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Cult Classic Comedy
|King of Hearts
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One of the most popular foreign films of all time, playing continuously in some theatres for over five years, King of Hearts is a "bright, lilting, whimsical, lyrical" (Cue) comedy thatcleverly satirizes the absurdity of war with a "message [that is] meaningful and entertaining" (Boxoffice). Bumbling Scottish Private Plumpick (Alan Bates) is sent to a village in the beautiful French countryside during World War I on a suicide mission to detonate explosives set bythe retreating German army. The village, soon to be blown sky-high, has been abandoned by its inhabitantsand replaced with escapees from the local insane asylum. Now, with the mentally challenged running the town, Plumpick is crowned King! But his new title brings him his first horrible decision: to carry out his deadly mission or join the ranks of the blissfully ignorant who know nothing about war. King of Hearts is subtle, visually striking and, in short, the "ultimate display of madness" (Life)!
|Revenge of the Nerds: Panty Raid Edition
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College freshmen Skolnick and Gilbert form their own fraternity for computer-whiz misfits.
|American Psycho [Blu-ray]
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Brand: Lions Gate
Patrick Bateman, a young, well to do man working on wall street at his father's company kills for no reason at all, collects body parts and displays them in his home. As his life progresses his hatred for the world becomes more and more intense. Based Bret Ellis' graphically violent novel as a 1980s satire.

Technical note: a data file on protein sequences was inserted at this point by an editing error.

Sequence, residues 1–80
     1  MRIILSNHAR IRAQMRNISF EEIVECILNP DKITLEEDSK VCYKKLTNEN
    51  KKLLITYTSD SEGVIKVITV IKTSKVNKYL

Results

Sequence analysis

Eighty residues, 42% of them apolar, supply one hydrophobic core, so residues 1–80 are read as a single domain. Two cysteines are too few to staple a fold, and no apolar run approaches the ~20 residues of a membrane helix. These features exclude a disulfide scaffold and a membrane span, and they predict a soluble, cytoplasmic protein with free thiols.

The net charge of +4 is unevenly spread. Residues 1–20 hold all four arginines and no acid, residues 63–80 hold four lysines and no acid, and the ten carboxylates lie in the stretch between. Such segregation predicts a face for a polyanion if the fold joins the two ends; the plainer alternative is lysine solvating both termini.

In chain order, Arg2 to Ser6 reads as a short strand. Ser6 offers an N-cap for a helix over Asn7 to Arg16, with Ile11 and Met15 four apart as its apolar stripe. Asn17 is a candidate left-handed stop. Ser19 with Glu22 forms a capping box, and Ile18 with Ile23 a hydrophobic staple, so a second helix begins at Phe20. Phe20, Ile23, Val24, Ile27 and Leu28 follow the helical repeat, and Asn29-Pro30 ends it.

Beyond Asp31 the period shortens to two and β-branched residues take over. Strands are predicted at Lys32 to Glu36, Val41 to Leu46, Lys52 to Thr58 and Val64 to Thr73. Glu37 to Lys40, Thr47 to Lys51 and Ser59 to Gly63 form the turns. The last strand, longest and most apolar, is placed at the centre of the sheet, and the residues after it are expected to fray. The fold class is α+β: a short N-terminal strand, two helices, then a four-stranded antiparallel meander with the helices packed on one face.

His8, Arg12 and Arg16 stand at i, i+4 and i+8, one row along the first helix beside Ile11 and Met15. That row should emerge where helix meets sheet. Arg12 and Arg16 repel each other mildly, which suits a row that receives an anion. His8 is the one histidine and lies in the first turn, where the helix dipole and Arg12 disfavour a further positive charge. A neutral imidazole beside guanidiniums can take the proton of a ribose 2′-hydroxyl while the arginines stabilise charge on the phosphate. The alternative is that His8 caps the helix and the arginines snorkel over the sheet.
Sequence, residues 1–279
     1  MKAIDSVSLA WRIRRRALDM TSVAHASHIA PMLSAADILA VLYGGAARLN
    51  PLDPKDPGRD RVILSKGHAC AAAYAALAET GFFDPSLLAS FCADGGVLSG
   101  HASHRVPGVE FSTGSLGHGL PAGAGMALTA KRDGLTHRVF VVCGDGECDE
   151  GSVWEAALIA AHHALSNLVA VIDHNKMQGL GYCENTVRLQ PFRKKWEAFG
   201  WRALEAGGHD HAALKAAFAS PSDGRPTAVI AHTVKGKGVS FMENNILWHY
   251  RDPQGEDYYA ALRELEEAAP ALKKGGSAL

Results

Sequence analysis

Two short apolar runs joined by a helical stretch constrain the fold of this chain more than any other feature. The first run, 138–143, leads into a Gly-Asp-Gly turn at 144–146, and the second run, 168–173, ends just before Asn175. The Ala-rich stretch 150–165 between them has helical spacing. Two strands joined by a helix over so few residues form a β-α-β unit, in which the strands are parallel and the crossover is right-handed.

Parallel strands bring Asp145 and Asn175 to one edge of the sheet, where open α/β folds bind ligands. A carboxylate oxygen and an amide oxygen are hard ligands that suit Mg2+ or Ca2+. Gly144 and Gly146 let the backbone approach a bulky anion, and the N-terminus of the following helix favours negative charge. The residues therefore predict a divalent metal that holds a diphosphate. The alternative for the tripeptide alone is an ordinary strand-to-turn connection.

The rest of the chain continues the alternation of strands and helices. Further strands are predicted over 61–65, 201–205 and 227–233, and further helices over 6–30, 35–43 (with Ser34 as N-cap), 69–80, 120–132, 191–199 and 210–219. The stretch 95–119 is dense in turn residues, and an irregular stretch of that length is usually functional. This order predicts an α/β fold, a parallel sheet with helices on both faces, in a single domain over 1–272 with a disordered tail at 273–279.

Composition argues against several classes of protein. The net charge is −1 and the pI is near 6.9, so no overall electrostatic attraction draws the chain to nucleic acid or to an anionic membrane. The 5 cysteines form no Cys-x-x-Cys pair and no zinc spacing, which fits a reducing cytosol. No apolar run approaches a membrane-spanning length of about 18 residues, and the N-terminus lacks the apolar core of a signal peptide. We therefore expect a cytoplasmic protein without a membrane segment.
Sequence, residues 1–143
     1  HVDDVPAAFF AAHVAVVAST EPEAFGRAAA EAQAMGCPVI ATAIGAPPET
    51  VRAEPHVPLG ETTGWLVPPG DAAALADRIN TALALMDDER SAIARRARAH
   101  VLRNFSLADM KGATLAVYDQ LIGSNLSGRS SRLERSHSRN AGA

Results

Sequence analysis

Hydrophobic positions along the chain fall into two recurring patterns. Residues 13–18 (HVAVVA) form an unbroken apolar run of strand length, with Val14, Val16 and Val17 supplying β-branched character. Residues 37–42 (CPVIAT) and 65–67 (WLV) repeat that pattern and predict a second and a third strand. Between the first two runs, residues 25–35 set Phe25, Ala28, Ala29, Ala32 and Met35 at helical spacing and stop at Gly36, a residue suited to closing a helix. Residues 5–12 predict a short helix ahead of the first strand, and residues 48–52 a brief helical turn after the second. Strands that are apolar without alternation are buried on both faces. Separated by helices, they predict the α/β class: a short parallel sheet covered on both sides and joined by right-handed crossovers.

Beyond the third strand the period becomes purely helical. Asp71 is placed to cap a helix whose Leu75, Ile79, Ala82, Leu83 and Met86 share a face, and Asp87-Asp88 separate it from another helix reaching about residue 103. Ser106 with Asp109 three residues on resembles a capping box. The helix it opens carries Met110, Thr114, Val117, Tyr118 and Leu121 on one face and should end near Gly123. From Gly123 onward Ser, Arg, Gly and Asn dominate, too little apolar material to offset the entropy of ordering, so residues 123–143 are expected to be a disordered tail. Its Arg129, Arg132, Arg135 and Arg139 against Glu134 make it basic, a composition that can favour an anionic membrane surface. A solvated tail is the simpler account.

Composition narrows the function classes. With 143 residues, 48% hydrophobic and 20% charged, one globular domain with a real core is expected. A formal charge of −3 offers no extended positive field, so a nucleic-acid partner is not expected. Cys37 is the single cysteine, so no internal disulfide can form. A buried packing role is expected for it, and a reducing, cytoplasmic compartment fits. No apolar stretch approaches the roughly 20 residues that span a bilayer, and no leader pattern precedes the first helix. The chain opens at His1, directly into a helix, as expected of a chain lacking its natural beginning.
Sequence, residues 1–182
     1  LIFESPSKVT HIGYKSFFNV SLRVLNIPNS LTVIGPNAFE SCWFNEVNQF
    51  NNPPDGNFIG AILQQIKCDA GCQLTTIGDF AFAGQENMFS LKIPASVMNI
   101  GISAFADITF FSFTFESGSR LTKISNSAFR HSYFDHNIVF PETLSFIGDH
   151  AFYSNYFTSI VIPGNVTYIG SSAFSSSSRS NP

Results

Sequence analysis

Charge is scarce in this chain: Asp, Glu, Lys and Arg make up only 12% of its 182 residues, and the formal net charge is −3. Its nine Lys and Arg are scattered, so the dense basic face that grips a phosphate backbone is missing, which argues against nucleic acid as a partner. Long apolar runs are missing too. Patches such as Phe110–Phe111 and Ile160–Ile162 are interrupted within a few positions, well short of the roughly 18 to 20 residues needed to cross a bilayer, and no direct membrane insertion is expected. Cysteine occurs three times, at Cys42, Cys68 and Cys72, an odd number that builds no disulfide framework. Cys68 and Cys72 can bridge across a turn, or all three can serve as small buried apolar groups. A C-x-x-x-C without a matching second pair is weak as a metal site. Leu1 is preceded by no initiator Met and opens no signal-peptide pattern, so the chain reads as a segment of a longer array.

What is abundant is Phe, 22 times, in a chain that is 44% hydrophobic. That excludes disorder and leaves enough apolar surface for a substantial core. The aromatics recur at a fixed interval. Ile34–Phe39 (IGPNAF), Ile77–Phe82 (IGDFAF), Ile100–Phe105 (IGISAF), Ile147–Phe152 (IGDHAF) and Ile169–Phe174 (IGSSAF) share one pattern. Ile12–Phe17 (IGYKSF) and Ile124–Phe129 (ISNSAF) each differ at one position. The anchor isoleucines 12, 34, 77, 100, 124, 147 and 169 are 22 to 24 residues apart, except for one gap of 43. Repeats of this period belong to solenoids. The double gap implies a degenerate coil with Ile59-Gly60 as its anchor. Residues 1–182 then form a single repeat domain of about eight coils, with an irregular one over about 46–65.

The Bret Easton Ellis novel American Psycho, a dark, violent satire of the "me" culture of Ronald Reagan's 1980s, is certainly one of the most controversial books of the '90s, and that notoriety fueled its bestseller status. This smart, savvy adaptation by Mary Harron (I Shot Andy Warhol) may be able to ride the crest of the notoriety; prior to the film's release, Harron fought a ratings battle (ironically, for depictions of sex rather than violence), but at the time the director stated, "We're rescuing [the book] from its own bad reputation." Harron and co-screenwriter Guinevere Turner (Go Fish) overcome many of the objections of Ellis's novel by keeping the most extreme violence offscreen (sometimes just barely), suggesting the reign of terror of yuppie killer Patrick Bateman (Christian Bale) with splashes of blood and personal souvenirs. Bale is razor sharp as the blank corporate drone, a preening tiger in designer suits whose speaking voice is part salesman, part self-help guru, and completely artificial. Carrying himself with the poised confidence of a male model, he spends his days in a numbing world of status-symbol one-upmanship and soul-sapping small talk, but breaks out at night with smirking explosions of homicide, accomplished with the fastidious care of a hopeless obsessive. The film's approach to this mayhem is simultaneously shocking and discreet; even Bateman's outrageous naked charge with a chainsaw is most notable for the impossibly polished and gleaming instrument of death. Harron's film is a hilarious, cheerfully insidious hall of mirrors all pointed inward, slowly cracking as the portrait becomes increasingly grotesque and insane. --Sean Axmaker
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Jonathan Pryce, Robert De Niro. Filled with Terry Gilliam's trademark humor and visual inventiveness, Brazil takes place in a futuristic world where individualism is revoked by a controlling state. In spite of it all, a civil servant dreams of overcoming the bureaucracy, winning over the woman he loves and reinstating true justice. A satirical, imaginative and ambitious film. 1985/color/131 min/NR/widescreen.